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Ford Tfc

from RPM 1/35 scale

by  Patricio Delfosse © 2003 Modeler Site

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Hey, webmaster! Something's wrong with the scale! This model should be a 1/72... Is it possible for a 1/35 armored vehicle to measure only 9 cm. long? Well… yes!
And in the case of this model it must be added that the space is very well distributed. The model is simple and with minimum efforts and a tidy painting we can add an attractive and rare piece.
After seeing many Panzers and Shermans, visitors will surely be attracted to this small armored vehicle that looks closer to a bug than a military vehicle.
"What is this?" they will ask. And here is the answer.

Though RPM presents it as Ford Tc, the correct name is Ford Tfc or Ford FT-B.
This vehicle was intended to satisfy the need Poland had of providing its army with the largest possible amount of armored vehicles as a matter of urgency.
In 1920 Poland was at war with Russia and although it was the fourth force in the world in terms of armored vehicles already, increasing its strength in this respect was a highly strategic achievement
The Ford Tfc prototype was completed in June 1920 and 16/17 units were built. The well-known Ford T chassis was used and armored with a structure to mount the turret and lodge two crew members. The modifications included reinforcing the suspension to carry the armor's additional 600 kg. Just as many other machine-gun cars in those days, the Ford Tfc's all-terrain capacity was limited by its 4x2 traction and its narrow tyres. However, its low weight (1350kg) and solid mechanical system contributed to a good service. They were used for the reconnaissance purposes they had been designed for. They proved to have an extremely good mobility which was difficult to match by other heavier vehicles that turned out to be obviously slower. Out of the units manufactured for this purpose, 12 outlived the conflict and were put out of service in 1931. More information on the Ford Tfc may be found in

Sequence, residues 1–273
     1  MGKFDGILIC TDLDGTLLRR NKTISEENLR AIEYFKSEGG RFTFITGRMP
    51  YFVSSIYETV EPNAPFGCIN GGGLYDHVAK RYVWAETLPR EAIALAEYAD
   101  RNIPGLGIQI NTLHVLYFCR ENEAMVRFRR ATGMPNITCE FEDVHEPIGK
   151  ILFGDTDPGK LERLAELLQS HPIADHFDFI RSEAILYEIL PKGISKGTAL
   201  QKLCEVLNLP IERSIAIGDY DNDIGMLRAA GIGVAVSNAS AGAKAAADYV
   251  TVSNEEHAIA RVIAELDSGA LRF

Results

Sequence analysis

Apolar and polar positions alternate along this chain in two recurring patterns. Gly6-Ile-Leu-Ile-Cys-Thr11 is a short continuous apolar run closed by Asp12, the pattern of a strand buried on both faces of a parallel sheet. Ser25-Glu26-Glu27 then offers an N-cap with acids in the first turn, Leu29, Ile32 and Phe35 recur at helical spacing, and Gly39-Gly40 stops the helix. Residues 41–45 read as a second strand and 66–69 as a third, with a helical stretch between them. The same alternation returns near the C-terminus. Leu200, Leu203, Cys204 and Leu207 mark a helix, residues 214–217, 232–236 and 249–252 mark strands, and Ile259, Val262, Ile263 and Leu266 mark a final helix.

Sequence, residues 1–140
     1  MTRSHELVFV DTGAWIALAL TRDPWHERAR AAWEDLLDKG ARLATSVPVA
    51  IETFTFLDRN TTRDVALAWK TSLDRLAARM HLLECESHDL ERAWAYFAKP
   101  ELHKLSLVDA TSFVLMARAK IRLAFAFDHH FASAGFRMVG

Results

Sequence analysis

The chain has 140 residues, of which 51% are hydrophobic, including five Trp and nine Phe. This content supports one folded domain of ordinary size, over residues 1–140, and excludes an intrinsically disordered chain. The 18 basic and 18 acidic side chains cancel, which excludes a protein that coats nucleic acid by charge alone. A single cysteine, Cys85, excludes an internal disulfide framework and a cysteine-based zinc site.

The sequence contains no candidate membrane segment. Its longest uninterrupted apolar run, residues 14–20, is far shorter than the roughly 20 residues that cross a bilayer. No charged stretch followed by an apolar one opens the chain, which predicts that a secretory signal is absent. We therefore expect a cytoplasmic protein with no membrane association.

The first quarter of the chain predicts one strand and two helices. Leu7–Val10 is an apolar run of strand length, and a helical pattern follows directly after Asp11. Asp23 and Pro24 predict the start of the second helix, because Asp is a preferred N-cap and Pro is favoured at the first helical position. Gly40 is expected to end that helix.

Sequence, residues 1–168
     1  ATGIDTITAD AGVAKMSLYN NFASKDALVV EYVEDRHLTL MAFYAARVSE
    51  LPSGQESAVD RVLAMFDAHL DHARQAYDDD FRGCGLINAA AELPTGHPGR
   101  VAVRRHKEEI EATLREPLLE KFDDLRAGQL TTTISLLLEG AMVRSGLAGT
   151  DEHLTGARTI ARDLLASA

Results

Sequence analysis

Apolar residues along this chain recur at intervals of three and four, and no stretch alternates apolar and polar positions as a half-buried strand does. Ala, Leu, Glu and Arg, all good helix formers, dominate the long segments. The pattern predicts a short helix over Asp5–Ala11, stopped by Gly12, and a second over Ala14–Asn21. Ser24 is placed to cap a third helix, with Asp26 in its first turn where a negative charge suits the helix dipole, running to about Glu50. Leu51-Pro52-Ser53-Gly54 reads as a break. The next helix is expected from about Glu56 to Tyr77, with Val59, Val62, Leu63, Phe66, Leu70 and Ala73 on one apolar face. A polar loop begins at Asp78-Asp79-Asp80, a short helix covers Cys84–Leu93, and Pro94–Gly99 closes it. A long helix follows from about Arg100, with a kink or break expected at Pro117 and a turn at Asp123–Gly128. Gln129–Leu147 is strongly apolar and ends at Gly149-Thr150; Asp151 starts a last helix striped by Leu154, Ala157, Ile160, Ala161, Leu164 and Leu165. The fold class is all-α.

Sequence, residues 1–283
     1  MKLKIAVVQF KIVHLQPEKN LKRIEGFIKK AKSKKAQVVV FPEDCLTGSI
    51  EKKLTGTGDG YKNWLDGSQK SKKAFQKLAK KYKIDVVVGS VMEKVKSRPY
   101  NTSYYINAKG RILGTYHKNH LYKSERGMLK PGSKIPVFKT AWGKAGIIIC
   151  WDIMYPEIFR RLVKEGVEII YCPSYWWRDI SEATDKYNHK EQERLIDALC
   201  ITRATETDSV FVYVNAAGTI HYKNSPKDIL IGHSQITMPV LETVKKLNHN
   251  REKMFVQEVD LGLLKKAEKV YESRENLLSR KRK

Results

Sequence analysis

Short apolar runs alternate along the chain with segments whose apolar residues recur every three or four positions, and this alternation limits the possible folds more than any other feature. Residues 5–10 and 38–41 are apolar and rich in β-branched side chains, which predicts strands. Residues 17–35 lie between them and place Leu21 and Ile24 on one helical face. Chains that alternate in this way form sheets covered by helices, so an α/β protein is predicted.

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The kit

This is a kit typically produced in Eastern Europe.
The pins are too thick and the small parts, almost useless. However, the main parts' detailing is very good, with the rivets looking well. If we mount it with some care, the vehicle's structure will look perfectly well. The building offers no difficulty beyond taking care of aligning the parts properly (to 90 degrees).

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The essential improvements have to be done on the chassis and the machine gun.

For the chassis I used old instructions of a regular Fort T that allowed me to detail the front wheels steering system. The kit does not allow any positioning so, to leave them turned to the right, I had to shorten some parts and lengthen others. First, it is necessary to glue the wheels' axle in the desired position and we build up the remaining steering bars in this position.

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The rest of the improvements introduced to the chassis were the following: substitution of the thickest parts for thinner rods and reconstructing the exhausts for plastic rods and wire.

The machine gun HAS TO BE substituted!

The one provided with the kit looks more like the Flak 88mm, for its size. Since it carried a water-cooled machine gun, it is easy to reproduce with plastic tube and some detailing with small pieces of plastic rod inserted and cut almost at surface level, including the upper sight and the water deposit lower caps. In a few hours, an adequate quality piece may be obtained.